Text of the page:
Op-ed by Florence Tripi
CSEA Western Region President
June 5, 2018 — Most sane economists without an agenda will tell you living in a world where all the wealth exists with just a hand full of families is a civilization rife with societal problems including unemployment, poverty, lowered life expectancy, crime, despair and hopelessness.
If you haven’t already noticed, America is now an oligarchic society where the richest one percent now holds 40 percent of the nation’s entire wealth– more than the bottom 90 percent combined. CEO salaries are 271 times that of the average worker compared to 20 times in 1965. And unfortunately, things will probably get worse in the short term before we can see an uptick in prosperity for all.
The one leveraging factor counteracting the disparity of wealth and corporate greed in America is labor unions. In the decades following World War II, the middle class enjoyed unprecedented growth and prosperity because more people were able to come together to form strong unions. They were also able to build power in numbers and negotiate with their employers a fair return for the skills, craftsmanship and provisions they offered. It was a time when everyone prospered even rich folk— the economy was healthy and steadily growing.
However, in the past few decades we have seen union density shrink and with it middle-class wealth– thanks in large part to a sustained attack on the freedoms of working people by the political right and their corporate funders. These attacks are now reaching a fever pitch at the same time unions enjoy their highest approval ratings in nearly 15 years.
Later this month, the US Supreme Court will issue a decision in Janus v. the American Federation of State, County and Municipal Employees (AFSCME), a case engineered by anti-worker special interests to threaten the ability of public service workers, such as nurses, teachers, librarians, firefighters and corrections officers to stand together in a union. A decision in favor of Janus will turn the entire country into a “right to work” nation.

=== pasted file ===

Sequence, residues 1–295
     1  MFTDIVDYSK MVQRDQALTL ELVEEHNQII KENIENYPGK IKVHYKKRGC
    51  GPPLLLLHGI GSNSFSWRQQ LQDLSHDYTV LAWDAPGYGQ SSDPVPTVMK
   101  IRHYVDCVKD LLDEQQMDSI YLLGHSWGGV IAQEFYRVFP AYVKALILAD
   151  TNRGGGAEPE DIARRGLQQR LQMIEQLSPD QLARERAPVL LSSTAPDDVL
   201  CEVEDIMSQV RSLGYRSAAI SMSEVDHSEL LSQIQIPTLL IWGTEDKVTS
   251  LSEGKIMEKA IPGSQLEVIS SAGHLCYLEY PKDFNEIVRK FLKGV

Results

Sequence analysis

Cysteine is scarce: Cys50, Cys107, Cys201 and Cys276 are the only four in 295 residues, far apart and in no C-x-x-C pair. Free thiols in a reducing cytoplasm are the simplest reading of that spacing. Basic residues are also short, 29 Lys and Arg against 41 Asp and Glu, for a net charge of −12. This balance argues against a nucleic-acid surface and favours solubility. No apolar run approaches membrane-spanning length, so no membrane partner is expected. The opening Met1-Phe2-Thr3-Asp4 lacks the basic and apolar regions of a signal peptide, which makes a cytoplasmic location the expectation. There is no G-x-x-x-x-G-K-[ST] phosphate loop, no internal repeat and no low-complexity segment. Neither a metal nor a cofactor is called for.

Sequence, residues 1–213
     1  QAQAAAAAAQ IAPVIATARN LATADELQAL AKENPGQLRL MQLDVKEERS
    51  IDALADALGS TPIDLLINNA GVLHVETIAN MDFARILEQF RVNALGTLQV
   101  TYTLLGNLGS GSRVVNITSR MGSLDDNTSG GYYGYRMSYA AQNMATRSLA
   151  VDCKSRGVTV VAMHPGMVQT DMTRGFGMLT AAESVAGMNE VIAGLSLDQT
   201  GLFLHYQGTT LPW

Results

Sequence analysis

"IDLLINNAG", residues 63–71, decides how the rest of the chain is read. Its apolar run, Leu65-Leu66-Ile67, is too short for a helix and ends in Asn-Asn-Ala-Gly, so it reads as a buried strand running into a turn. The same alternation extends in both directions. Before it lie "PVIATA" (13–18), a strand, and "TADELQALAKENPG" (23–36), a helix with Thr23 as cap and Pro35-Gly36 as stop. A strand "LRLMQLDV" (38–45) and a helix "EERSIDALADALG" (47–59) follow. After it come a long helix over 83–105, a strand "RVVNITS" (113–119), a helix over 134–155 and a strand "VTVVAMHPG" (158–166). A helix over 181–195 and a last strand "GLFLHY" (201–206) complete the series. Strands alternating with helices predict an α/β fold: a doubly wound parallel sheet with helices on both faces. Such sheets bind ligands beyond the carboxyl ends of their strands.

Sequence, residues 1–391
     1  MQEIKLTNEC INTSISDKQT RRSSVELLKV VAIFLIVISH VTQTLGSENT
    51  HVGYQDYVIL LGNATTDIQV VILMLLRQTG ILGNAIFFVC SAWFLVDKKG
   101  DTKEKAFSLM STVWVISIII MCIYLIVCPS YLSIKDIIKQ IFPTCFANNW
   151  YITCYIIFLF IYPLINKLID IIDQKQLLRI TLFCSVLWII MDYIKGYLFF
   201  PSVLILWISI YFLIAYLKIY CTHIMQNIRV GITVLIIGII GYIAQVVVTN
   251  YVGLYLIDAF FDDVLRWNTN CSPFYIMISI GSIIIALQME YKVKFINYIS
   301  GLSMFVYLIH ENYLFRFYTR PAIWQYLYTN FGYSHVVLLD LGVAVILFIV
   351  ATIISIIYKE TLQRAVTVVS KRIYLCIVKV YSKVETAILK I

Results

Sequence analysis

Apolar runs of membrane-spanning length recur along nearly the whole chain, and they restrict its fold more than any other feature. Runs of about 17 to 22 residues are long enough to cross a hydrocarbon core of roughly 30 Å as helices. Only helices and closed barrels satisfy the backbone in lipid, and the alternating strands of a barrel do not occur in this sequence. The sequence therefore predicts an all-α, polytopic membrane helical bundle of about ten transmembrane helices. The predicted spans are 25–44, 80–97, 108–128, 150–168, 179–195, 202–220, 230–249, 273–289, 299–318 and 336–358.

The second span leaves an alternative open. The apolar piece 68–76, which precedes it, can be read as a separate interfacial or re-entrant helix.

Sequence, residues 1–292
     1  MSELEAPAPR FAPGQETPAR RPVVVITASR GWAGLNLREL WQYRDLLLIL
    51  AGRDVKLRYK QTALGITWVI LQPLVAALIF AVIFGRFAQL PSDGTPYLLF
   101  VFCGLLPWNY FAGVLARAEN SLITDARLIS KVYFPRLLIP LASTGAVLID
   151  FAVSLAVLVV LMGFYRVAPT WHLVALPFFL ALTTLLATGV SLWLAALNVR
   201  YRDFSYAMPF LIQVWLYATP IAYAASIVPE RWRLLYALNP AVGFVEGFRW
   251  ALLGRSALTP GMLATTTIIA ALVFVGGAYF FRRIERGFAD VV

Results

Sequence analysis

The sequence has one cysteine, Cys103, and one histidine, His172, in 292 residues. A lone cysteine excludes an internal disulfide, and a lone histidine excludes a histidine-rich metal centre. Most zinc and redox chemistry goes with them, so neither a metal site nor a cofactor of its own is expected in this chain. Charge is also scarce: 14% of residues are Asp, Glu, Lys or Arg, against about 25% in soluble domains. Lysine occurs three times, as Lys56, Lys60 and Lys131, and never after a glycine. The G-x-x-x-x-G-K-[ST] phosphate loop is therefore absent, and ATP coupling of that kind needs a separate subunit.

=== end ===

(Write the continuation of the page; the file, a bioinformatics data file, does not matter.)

At specific issue in this case is the right of public service unions to collect “fair share fees.” Workers in a unionized shop have the right to join or not join the union. But because even non-members benefit from the better wages and working conditions that the union negotiates, they contribute a fair share fee to help cover the cost of representation. This is just common sense. When representing workers, there should be no such thing as a free ride or a free lunch.
The plaintiff and his supporters argued that this obviously fair arrangement is a violation of free speech rights. Their improbable claim is that public sector unions don’t bargain contracts, they just lobby and campaign. This is a distortion of the First Amendment and flat out wrong. By law, no one is required to join the union. No one is coerced or compelled to spend their money on political candidates or causes. Nothing in this case will change that.
If the Supreme Court rules in favor of Janus, it will potentially harm the ability of working people to organize. The legality of fair share fees has been repeatedly affirmed by lower courts and was enshrined more than 40 years ago in a unanimous Supreme Court decision in a case called Abood v. Detroit Board of Education.
The forces behind Janus are driven not by fidelity to first amendment rights or the US Constitution, but by greed and ideological animus. Their goal is to concentrate wealth in as few hands as possible by undermining the freedom of working people to make a decent living and support their families.
Whatever the Supreme Court decides, it’s important for average working folks to know CSEA is not going anywhere. We have been around for over 100 years and we will remain union strong.
Our CSEA members work day in and day out to make our communities stronger, healthier and safer. We’re the educators who teach your children, we are the nurses who care for your elderly parents and we are the heavy equipment operators who make sure our roads are safe in times of need. Working people are the threads that hold the fabric of our communities together.
When we go to the bargaining table, we are advocating not just for ourselves, but for provisions with universal benefits that strengthens all workers and our local communities. Public service workers don’t get rich doing their jobs, but they do keep our communities strong.
We will continue to proudly stand with each other arm in arm to do the business of the union, to celebrate all things labor and to protect the rights and values that helped build this great nation. CSEA will never quit. We will never quit fighting for our place at the table and having our voice heard at work– because when unions are strong– workers are strong. And when workers are strong– America is strong.